What Remains of Heroes, Book One of A Requiem for Heroes, is an unapologetically dark and gritty epic fantasy. It begins the tale of a captain-turned-drunken-wretch, a misanthropic cleric, and a band of assassins struggling with the madness of one of their own. These broken heroes must battle demons both within and without if they are to save the kingdom from the old evils lurking in its shadows. They may be its only hope.
"David Benem has crafted a very dark sort of fantasy here—one that is violent and sometimes even vulgar—but one in which all the pieces are polished to a shine, dazzling the reader from start to finish."– Beauty in Ruins
"Benem's writing shines amid a sea of lackluster novels… It's got wonderful appeal to fans of dark traditional fantasy who are looking for new voices. This was a fantastic find, and I'm already looking forward to the second book in the series!"– Bibliotropic
"We bought into the characters and the story and that is really all it takes—once an author has achieved that with a reader much of the hard work is done. Added to that was a wry humor that worked really well and world-building that felt, well, like a real world being described. The book strengthened with each page. 8.5/10."– Fantasy Book Review
Karnag Mak Ragg squinted in the morning sunlight, flint-colored eyes surveying the vast valley of oaks and poplars draped with mist. The Ghostwood, at the southernmost edge of the kingdom of Rune, struck him as similar to the wind-bitten highlands of his youth. Both were hard countries, unforgiving and full of predators.
He pressed himself upward to stand and shook fresh blood into brawny limbs. Morning meditations were a ritual common among his people, used to seek hidden truths or consult with ancestors long dead. Karnag was not given to such nonsense, but found the meditations stilled his restless mind. With his waking hours rife with violence, he needed what calm he could find.
"Awake at last, eh?" asked Drenj from the mouth of a small tent at the opposite end of the hilltop clearing. He was a Khaldisian from far to the south, his brown tunic sagging from his form to reveal olive skin covered in tattoos. "I was beginning to think you'd learned to sleep on your knees. Like a camel."
Karnag ignored the young man's remark and set about readying his weapons. He often grew weary of such prattle, borne by nerves or bravado and bearing no meaning. Such words were breaths wasted rather than saved for combat.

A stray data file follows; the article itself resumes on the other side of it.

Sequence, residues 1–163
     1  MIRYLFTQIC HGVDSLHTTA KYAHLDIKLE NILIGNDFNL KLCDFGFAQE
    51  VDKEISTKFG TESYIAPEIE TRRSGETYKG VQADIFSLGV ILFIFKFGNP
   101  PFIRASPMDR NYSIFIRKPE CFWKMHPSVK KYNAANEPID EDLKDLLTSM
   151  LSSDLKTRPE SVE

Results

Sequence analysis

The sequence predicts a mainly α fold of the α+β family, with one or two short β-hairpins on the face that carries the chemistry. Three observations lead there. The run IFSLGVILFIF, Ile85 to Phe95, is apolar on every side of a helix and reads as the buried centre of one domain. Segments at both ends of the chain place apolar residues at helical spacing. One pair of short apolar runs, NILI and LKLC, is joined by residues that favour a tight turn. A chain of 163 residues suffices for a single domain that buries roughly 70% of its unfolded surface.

"Are you certain I can't lend you a knife?" the southerner said, dragging a whetstone down the length of his curved Khaldisian steel.
Karnag brushed aside the thick braids of his black hair and studied the weapons he'd laid on his bedroll, all agleam in the morning sun. Six daggers balanced for throwing. Two swords, one short for tight quarters and the other a long, two-handed blade for cleaving men apart. A hunting knife he'd used for gutting deer that fit neatly in his boot, and a blackjack for laying out a man without spilling blood. "I'm certain," he said.
"Do you figure on using all of those things in a fight?" asked Drenj.
"Careful, lad," said Tream, a dark-eyed thug with rotting teeth. "You're new to this company, and Karnag's not the sort to be trifled with. Least of all by a skinny whelp like you. He's a damned nasty killer, boy. Nastiest of them all."
The Khaldisian seemed undeterred. "Are they trinkets for decoration?"
Karnag scowled, his patience wearing. "They all have their purpose."
"You have only two hands, you know," said Drenj, laughing overlong at his joke as though encouraging the others to join him.
"And you have but one mouth," Karnag said, "but you blather on as though you have ten. Perhaps my hands are as potent." He snatched a dagger and flung it hard and true. It cracked into the center support at the mouth of Drenj's tent, mere inches from the youth's head. The tent collapsed about him in turn.
The company of hired killers laughed heartily. Drenj cursed and yanked the linen away from his form, his kohl-lined eyes narrowing. "Are all of you northerners like this? Savage ingrates with thin skins and thick heads?"
Fencress Fallcrow, a raven-haired woman clad as ever in black, sauntered across the clearing. She was a hard lass, rough-featured and muscular, yet had a roguish charm with her sapphire eyes and biting wit. She stopped near Drenj and flipped a copper coin at him. "And are all of your kind painted like whores? I fear you make even me feel like a man, Drenj."
"Not much of a stretch, eh?" said Paddyn, a scrawny lad with grubby skin and a missing front tooth.
The company laughed again, all save Karnag.
Karnag slid his daggers into the sheaths sewn into the blood-red leather of his jerkin. He straightened and his countenance darkened. "Shut your mouths and saddle the horses," he said, sweeping his eyes across his four companions. "We have murder to make."